“When I was told that I needed to produce a business plan, I didn’t know where to start as I’d never done anything like it before. But, with the help of a friend, I managed to do it and I’m so glad I did. It helped me to figure out where my construction business was going and how I could get it there.” – Eugene

When you’re starting your own construction business, thorough planning is essential and market research is an absolute must.

Your business plan is the perfect opportunity to outline your aims, goals and business objectives on paper, so that you can clearly see how your construction business idea could turn into a viable venture.

Before you even think about starting your own construction company, you should do your market research in order to determine the profitability of your business idea.

This process will also allow you to identify whether or not there are already construction companies operating in your area, providing the same services as you. Sussing out your competition will give you an idea of how your business will fit into the market place and whether it has the potential to thrive.

As part of your market research, it’s also worthwhile looking into what other construction companies are charging in the area you plan to start your business in, as well as what kind of reputation they have.

If there are already a number of credible construction companies offering the same services in the locality, and you cannot identify how your business will fit in, it might be worth rethinking your business plan and your business idea.

Of course, one of the most effective ways to find out whether there is a demand for your services is to get out into the community and speak to local residents. This will allow you to gain a first-hand insight into whether the target market you will be looking to engage with feel that there is a need for a new construction company or contractor firm.

Be sure to always consider the demographics of the area you are targeting, as people need to be able to afford the construction services that you plan to offer.

Writing your construction company business plan

The importance of a thorough business plan should not be underestimated. A detailed business plan will not only allow you to establish clear business goals and procedures, but it is also widely recognised in the business world as an essential step in getting your idea off the ground.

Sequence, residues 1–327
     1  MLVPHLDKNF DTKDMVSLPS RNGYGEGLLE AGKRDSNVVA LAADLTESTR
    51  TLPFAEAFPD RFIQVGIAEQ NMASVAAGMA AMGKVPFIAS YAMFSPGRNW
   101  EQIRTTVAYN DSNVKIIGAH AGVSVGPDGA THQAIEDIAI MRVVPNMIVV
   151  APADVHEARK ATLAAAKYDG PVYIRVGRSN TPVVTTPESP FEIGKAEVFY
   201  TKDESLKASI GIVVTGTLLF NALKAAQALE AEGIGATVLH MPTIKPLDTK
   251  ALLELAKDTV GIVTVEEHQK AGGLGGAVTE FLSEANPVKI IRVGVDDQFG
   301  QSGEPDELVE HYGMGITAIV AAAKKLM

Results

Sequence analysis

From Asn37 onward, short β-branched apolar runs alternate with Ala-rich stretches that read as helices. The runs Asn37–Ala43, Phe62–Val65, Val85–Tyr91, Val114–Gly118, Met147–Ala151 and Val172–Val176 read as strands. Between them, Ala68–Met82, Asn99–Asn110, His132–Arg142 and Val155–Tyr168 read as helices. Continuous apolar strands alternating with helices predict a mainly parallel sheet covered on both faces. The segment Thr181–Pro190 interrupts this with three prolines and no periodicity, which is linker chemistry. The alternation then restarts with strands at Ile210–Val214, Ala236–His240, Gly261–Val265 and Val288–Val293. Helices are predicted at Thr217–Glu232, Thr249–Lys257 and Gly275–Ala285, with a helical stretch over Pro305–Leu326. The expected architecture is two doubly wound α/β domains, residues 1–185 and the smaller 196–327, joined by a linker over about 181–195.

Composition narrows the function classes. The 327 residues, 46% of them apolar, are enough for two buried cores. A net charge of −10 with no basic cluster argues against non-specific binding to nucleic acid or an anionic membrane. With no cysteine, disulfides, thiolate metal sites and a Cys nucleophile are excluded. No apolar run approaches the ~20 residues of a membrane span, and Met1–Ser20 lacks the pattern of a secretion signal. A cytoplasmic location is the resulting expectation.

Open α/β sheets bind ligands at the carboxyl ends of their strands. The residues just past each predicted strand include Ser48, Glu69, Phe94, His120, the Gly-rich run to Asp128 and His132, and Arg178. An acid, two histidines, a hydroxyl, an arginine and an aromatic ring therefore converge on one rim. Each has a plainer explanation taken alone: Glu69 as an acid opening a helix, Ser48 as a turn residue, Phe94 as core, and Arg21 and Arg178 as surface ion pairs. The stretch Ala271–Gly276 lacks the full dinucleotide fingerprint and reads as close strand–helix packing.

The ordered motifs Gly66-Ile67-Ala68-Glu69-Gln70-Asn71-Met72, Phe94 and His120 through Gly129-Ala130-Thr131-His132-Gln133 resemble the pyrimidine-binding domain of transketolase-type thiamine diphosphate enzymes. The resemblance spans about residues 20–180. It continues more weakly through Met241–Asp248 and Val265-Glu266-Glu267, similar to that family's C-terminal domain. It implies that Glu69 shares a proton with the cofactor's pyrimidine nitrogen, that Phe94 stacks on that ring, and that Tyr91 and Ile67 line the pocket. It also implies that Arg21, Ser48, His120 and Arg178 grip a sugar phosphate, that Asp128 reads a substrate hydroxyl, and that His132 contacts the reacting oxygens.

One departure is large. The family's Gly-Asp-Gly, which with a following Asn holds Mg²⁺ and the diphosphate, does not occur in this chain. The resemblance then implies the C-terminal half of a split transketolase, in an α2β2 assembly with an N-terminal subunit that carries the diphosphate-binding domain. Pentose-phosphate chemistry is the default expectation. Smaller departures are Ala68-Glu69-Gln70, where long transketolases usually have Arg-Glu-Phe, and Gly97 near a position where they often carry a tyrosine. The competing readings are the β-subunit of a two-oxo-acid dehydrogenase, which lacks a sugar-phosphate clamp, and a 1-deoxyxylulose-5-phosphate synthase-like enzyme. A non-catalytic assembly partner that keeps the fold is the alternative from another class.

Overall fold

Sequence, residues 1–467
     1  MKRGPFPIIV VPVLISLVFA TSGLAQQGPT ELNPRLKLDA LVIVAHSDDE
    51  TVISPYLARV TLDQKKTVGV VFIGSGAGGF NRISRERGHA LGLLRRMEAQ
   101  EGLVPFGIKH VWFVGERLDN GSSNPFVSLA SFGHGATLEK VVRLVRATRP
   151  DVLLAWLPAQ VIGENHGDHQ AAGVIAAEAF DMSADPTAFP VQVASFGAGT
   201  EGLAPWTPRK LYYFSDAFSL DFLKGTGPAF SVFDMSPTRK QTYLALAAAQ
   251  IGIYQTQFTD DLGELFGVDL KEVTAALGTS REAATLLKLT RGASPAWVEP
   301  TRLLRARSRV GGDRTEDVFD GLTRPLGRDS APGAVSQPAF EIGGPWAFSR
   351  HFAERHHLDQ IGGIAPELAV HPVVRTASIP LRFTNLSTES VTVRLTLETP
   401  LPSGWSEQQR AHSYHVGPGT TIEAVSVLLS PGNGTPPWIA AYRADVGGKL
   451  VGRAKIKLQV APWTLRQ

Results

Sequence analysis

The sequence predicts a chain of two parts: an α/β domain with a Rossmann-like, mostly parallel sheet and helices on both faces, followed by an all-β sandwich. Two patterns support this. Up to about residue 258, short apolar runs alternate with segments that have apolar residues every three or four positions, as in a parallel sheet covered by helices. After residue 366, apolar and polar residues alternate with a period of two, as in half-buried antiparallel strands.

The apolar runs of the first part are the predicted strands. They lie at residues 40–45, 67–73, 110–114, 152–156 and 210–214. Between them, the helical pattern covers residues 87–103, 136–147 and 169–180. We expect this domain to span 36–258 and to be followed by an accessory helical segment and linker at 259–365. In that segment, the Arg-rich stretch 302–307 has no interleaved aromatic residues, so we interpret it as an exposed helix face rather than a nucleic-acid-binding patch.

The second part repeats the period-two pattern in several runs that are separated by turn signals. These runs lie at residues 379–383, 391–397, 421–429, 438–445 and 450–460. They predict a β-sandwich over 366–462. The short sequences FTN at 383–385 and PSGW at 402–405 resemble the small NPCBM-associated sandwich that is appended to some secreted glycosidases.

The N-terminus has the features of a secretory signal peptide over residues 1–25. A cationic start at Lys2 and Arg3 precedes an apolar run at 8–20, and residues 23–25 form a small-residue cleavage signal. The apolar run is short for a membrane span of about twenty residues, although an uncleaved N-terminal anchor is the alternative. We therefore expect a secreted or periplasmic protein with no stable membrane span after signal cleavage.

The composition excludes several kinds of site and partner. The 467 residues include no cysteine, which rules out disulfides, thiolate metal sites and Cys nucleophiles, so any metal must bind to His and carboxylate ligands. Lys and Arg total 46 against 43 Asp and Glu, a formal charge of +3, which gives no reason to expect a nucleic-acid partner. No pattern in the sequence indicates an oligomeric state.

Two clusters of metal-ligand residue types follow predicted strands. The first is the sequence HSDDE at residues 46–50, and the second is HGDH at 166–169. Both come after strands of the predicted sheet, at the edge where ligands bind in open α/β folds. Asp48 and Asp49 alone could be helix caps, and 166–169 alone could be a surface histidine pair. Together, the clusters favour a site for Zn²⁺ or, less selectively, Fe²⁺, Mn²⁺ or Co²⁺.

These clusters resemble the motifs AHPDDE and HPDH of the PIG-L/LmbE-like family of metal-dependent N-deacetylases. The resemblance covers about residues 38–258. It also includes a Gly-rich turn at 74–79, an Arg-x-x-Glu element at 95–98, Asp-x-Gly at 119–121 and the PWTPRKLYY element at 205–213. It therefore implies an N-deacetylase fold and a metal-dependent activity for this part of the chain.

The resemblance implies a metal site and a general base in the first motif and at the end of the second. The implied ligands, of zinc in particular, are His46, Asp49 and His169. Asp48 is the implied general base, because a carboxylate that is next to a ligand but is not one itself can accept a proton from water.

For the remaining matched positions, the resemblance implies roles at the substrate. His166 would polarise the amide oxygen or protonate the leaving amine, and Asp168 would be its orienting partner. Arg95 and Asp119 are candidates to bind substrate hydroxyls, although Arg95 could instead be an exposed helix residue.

A business plan is a formal document that covers everything you need to know about successfully starting and running your business. If you are planning on approaching a potential lender, you will also be asked to provide your business plan so they can assess the profitability of your idea.

But what should your business plan contain?

Your business plan should be split into several sections outlining in detail how you plan to structure your business. It should explain who your target market is, the kind of construction services you will offer, how many employees (if any) you intend to have, and finally, how you will market your construction business and differentiate yourself from your competitors.

There should also be a detailed section that focuses on outlining how you plan to maintain your construction company, as well as a forecast detailing how much money you expect to make.

Download your free business plan template here.

Construction company rules and regulations

“Having worked in the construction industry for a long time, I knew there were loads of regulations, mainly to do with health and safety. Bu,t when it comes to starting your own construction business, there’s even more to think about – tax, insurance, CIS and more. Make sure you don’t miss anything!” – Martin

If you are planning on setting up a construction business, there are a number of industry specific rules, regulations and tax requirements that you should be aware of including The Construction Industry Scheme (CIS).

This scheme was set up by the government to create a payment handling system that contractors could use to handle payments made by contractors to sub-contractors.

Whether you are setting up your business as a limited, sole trader or partnership company, you will be expected to register under the CIS scheme if your business operates in any part of the construction industry.

According to the government, CIS covers most construction work for:

  • A permanent or temporary building or structure
  • Civil engineering work like roads and bridges
  • For the purpose of CIS, construction work includes:
  • Preparing the site, e.g. laying foundations and providing access works
  • Demolition and dismantling
  • Building work
  • Alterations, repairs and decorating
  • Installing systems for heating, lighting, power, water and ventilation